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Eric Clapton's favourite blues guitarist acted as a "father figure"

@jackwhatley89

Think what you may about the wobbling icon status of Eric Clapton but one cannot deny his command of the guitar. For a time, in one of London’s hardest rocking districts, spray-painted across a bridge were the words: “Eric Clapton is God”. A bold claim, of course, but it was a direct reflection of the Cream and Blind Faith man’s huge contribution to music in England and the rest of the world. Clapton, alongside the aforementioned acts as well as Peter Green and the rest of the rocking set, was one of the pioneers of rhythm and blues in London, a movement which would lead to the swinging sixties and all the rock greatness that followed.

With other artists, like The Yardbirds and Jimmy Page, Clapton became a bastion for the blues in good old Blighty. When records were at a premium and the chance to see an American blues hero only came around once in a blue moon, it took considered and curated dedication to be a fan, meaning Clapton is a true aficionado on the subject. So who would he call his favourite blues guitarist of all time?

It’s a question that has likely been levelled at Clapton behind closed doors on several occasions. Despite never giving a concrete answer to such a question, Clapton has shared his admiration for many blues guitarists over the years. However, there is one man who is widely considered not only his favourite but, as Clapton once said, “The father figure [he] never had”. Of course, we’re talking about Muddy Waters.

A true hero of the genre, Muddy Waters can be seen as the direct inspiration for countless acts in the 1960s boom of creativity. Notably, The Rolling Stones took their name from a Waters song after Brian Jones was asked the band’s name and only had a Waters album to hand. Later, the Stones would saddle up alongside the hero to provide a searing rendition of ‘Baby, Please Don’t Go‘. Clapton was equally as enamoured by the guitarist naming him, alongside Big Bill Broonzy, as one of the most influential men in his life.

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However, he wasn’t the first person to introduce Clapton to the blues, that accolade goes to Derek McCulloch, AKA Uncle Mac, who hosted a kids TV show in the 1950s and ’60s. Despite usually leaning on the classic childhood songs in his show, every now and then, McCulloch would drop in a blues tune, speaking with NPR, Clapton remembered: “I don’t know what this guy was on; I can’t imagine how it would get snuck in, whether it was his taste or someone else’s, his wife, who knows?”.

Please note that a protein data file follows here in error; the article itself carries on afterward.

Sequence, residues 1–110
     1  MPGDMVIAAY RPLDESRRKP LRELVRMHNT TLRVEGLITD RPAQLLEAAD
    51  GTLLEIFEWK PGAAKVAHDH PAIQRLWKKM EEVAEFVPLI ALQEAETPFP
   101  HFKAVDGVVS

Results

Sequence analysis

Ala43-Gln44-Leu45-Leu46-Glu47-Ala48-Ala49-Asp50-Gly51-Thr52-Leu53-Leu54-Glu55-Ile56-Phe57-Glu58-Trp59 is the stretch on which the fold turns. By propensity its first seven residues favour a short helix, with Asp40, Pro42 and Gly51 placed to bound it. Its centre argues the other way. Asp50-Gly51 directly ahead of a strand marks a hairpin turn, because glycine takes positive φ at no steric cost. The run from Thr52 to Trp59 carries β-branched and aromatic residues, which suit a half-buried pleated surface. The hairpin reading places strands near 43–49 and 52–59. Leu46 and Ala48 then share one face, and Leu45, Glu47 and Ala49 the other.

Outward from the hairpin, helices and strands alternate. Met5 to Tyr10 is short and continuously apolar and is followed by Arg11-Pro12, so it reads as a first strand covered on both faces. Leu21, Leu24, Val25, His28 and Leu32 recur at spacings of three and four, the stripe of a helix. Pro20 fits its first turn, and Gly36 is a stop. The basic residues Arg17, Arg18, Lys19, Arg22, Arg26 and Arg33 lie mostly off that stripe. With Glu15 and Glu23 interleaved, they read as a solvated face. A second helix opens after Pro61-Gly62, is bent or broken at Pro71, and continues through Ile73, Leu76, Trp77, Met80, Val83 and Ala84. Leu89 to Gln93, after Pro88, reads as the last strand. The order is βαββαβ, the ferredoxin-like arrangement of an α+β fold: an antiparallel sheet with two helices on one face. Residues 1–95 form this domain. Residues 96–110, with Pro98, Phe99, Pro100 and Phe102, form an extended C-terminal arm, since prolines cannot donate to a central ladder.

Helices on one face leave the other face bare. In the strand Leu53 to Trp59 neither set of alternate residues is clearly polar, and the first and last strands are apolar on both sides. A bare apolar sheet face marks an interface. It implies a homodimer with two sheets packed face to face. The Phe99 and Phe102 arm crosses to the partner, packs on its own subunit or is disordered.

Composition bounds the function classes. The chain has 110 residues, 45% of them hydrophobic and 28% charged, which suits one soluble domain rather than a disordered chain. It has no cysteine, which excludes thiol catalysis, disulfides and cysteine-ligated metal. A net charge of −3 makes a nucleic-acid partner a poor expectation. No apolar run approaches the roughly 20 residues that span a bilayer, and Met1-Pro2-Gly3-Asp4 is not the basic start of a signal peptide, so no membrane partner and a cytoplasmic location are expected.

“It got to me on a level that nothing else did. I got what they were trying to do,” said Clapton of the artists that followed his discovery. “I think the purity of what they were trying to do undercut everything else that you could hear on the radio. Aside from great classical music or great opera, there was a seriousness about it that none of this other music had.”

There was one man that trumped every performer though, and that was the great Muddy Waters. “Muddy was there at a time when, really, the music was getting to me. I was really trying to grasp it and make something out of it,” Clapton noted. Waters’ song ‘Honey Bee’ would act not only as a great song for Clapton but an opportunity to improve his own playing: “It was a hook to me. And I made this as a sort of milestone for me, for my learning capabilities,” Clapton said. “If I can get that, I’m one rung up the ladder. And I did, finally, manage to do it one day, and I thought, well, you know, I think I can probably do this.”

The two men became close friends and although Clapton never asked Waters for technical tips, though he “wished” he had, he admitted that Waters was “the father figure I never really had”. It’s easy to see how Clapton could take the very essence of Waters’ work and transform it into his own style. There are countless artists Slowhand loved and be inspired by, “I would take the bits that I could copy from a combination of the electric blues players I liked, like John Lee Hooker, Muddy Waters, and Chuck Berry,” but there’s only one that would shape Clapton’s life for decades.

Watch Eric Clapton perform ‘Standing Around Crying’ with Muddy Waters below.